Saturday, March 06, 2010

Plugin-Drawn Objects Do Not Exist

Version 2.0 of the plugin API (available in all versions of X-Plane 9) introduces three new routines that, for the first time, allow plugins to work with OBJs.

XPLMLoadObject and XPLMUnloadObject load an OBJ file (a model mesh) into memory, and then purge it when done. That part most users understand. The routine that causes confusion is XPLMDrawObjects. When you draw an OBJ with XPLMDrawObjects, you are not creating anything long-lasting or persistent in the world. Your object will be visible for one frame on screen, and then will disappear unless your draw it again. Your object is not part of any of the physics calculations.

To put this in perspective: when you make a new window using the Widgets API, the window is persistent - it exists until (1) you delete it or (2) your plugin is unloaded for some reason. You don't have to do anything per frame to "maintain" the window - you make it and it exists.

Objects are not like that. You cannot make an object "exist" in the X-Plane world - you can only draw it once per frame using the drawing callbacks. Essentially the draw-objects API is a lower level API.

Building a Layered System

Plugins operate in a layered environment, with lower level code on the bottom and your plugin at the top. The layer stack might only be 2 layers deep (XPLM on the bottom, plugin on top), or there might be several layers. Consider XSquawkBox:
  • The UI is drawn using the XPWidgets API. The XPWidgets API gets its drawing from the XPUIGraphics API, and the XPUIGraphics API changes OpenGL state using the XPLMGraphics API. So we've built up a layered system: basic OpenGL supports drawing, drawing supports user interface, user interface supports the plugin.
  • Similarly, multiplayer is done using a library that isn't part of the basic plugin system (but is open source): libXplaneMP. So here the XPLM supports drawing airplanes, libXplaneMP uses that to create a full multiplayer API, then XSquawkBox uses it.
The alternative to a layered system would be a "monolithic" one. Under a monolithic system, the only API for airplanes would be libXplaneMP, and the only way to create user interface would be widgets. Sandy and I usually prefer the layered approach because it provides a lot more flexibility. If you like widgets, great, use them. If not, no problem - roll your own on top of XPLMDisplay.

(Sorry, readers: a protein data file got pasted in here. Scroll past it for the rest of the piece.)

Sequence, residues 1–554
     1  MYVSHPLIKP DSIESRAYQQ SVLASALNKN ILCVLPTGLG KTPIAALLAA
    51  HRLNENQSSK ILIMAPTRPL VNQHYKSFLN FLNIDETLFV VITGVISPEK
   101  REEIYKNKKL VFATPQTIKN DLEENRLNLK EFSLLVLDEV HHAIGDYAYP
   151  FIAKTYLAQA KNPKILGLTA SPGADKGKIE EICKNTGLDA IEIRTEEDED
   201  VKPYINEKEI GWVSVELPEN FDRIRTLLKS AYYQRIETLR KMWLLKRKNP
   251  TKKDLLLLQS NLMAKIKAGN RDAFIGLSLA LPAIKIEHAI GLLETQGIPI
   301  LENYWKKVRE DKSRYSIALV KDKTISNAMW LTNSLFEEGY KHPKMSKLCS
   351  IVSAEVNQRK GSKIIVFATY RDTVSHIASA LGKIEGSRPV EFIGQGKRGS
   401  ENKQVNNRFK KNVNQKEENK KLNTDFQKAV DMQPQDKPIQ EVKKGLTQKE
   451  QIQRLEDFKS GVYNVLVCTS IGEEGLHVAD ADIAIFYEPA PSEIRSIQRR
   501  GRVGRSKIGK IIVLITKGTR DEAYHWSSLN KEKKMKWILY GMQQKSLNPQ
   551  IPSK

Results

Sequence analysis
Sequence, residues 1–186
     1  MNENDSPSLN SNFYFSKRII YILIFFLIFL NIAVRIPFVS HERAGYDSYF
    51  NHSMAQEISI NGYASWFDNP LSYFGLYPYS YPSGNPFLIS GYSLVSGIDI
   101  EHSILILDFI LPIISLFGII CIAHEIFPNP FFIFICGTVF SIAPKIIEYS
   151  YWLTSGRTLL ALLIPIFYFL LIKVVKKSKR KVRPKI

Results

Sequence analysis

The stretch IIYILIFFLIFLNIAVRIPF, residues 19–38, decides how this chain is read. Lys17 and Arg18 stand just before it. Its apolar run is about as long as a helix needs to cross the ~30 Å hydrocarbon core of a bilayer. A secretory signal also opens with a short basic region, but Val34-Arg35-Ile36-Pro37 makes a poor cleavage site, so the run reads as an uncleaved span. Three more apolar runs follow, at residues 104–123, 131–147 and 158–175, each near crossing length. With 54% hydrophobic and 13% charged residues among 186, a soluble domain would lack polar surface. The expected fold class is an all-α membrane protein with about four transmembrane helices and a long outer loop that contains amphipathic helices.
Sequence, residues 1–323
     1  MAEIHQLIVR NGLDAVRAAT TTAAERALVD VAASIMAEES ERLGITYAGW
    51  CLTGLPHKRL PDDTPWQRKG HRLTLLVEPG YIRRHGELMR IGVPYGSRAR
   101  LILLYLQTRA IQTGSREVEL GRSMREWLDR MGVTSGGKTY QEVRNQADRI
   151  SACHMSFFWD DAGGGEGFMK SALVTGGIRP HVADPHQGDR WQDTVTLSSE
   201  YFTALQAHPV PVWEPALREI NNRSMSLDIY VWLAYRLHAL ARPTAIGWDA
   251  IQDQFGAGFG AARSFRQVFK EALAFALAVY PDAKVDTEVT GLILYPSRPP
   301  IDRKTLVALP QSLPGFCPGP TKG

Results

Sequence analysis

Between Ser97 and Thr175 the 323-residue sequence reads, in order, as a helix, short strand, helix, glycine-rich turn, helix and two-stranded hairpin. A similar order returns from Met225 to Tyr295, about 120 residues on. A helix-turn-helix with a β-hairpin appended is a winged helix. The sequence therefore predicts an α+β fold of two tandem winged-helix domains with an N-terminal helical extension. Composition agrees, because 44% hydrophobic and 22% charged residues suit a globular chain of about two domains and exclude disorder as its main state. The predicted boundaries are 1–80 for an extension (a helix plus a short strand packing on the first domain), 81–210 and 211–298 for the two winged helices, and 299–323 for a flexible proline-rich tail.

The Plugin System Is a Foundation

When Sandy and I cannot provide all of the layers, we have a strong bias toward providing the bottom layer, for an obvious reason: if the bottom layer isn't in the plugin system, it may be impossible for anyone else to create it. So typically if we have a choice between a high level vs. low level API, we'll put the low level API in first.

This is precisely what is happening with object drawing - we have the low level API ("draw an object") but not the high level one ("create an object in the scenery system"). Since we have provided the lowest level, it is possible to code persistent objects in your plugin by layering on top of our API. By comparison, had we only provided "create an object" it would be pretty close to impossible to draw an object for one frame - if you didn't want a scenery object, the API would be inflexible and useless.


Quino said...

Hello Ben,

Just curiosity. Does X-Plane use a scenegraph (like openscenegraph)? I suppose you have written your own OSG. I used to work with OpenGL Perfomer, which had tons of useful features, and was easy for the programmer to manage the scene graph objects. I don't know if you are referring to offer in the future access to that kind of high level api, in order to manage the scenery objects.



Benjamin Supnik said...

Hi Quino,

X-Plane does have a "Home rolled" scene graph, but I use the term very loosely - it doesn't look like a scene graph - rather it is a set of optimized data structures we use to cram the scene down the GPU as fast as we possibly can.

See also Tom Forsyth's comments on the gap between formal scene graphs and what you really need to talk nice to the GPU.[[Scene%20Graphs%20-%20just%20say%20no]]

Anyway, there is zero chance of getting direct SG access (because the API is too weird for words) but it is possible that in the future the SDK might provide higher level abstractions that _leverage_ the SG for you.

For example, we could have "insert persistent scenery object" which places the obj in the scene graph so you don't have to maintain it. For VERY large numbers of unrelated objects, this might be a win. But we'd talk to the SG for you so you don't have to worry about the API being strange or unstable.

In other words, we have an SG, but it is a _low level_ API. :-)

(There is a high level wrapper around the SG but it too looks a bit weird. Basically as soon as you go from the file formats to inside the ren engine, things stop looking like the abstractions we expose fairly quickly.)

Quino said...

Thank you for the explanation, Ben. And a very good comment about SGs from Tom Forsyth.